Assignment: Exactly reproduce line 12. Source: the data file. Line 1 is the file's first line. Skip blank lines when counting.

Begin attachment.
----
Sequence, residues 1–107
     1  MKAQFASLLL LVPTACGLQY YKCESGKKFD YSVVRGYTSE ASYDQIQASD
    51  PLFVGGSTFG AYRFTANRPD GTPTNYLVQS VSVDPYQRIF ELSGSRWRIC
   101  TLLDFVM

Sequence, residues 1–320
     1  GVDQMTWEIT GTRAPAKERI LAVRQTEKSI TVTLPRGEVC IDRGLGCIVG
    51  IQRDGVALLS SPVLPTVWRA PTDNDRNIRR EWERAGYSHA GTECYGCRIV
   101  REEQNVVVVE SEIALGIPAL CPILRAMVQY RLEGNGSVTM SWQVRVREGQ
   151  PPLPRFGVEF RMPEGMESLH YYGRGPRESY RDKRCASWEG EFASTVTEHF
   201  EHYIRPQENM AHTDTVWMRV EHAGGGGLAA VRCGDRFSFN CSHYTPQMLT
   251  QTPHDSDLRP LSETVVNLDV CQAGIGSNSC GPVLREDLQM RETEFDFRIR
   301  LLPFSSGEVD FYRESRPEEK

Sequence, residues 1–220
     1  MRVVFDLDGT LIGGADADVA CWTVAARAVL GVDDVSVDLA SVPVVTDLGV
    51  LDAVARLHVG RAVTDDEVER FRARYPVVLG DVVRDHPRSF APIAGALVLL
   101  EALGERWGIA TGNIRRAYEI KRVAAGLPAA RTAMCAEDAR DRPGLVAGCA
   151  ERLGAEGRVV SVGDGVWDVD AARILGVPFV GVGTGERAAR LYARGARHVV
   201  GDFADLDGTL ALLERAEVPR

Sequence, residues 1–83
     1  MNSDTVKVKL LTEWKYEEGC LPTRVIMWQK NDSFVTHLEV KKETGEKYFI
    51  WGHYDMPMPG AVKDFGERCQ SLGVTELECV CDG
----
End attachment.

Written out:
   301  LLPFSSGEVD FYRESRPEEK